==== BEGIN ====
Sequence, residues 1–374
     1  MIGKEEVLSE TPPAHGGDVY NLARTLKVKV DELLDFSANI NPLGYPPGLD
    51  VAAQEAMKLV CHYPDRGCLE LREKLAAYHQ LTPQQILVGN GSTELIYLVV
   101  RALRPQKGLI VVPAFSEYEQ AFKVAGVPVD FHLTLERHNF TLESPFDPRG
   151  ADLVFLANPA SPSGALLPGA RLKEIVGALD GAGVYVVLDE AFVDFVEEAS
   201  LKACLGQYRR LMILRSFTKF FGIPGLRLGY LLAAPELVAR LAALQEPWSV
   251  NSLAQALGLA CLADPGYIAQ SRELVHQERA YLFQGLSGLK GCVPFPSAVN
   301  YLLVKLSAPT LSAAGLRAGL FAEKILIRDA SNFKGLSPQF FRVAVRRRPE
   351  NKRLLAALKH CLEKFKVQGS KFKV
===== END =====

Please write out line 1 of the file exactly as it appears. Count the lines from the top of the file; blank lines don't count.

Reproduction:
Sequence, residues 1–374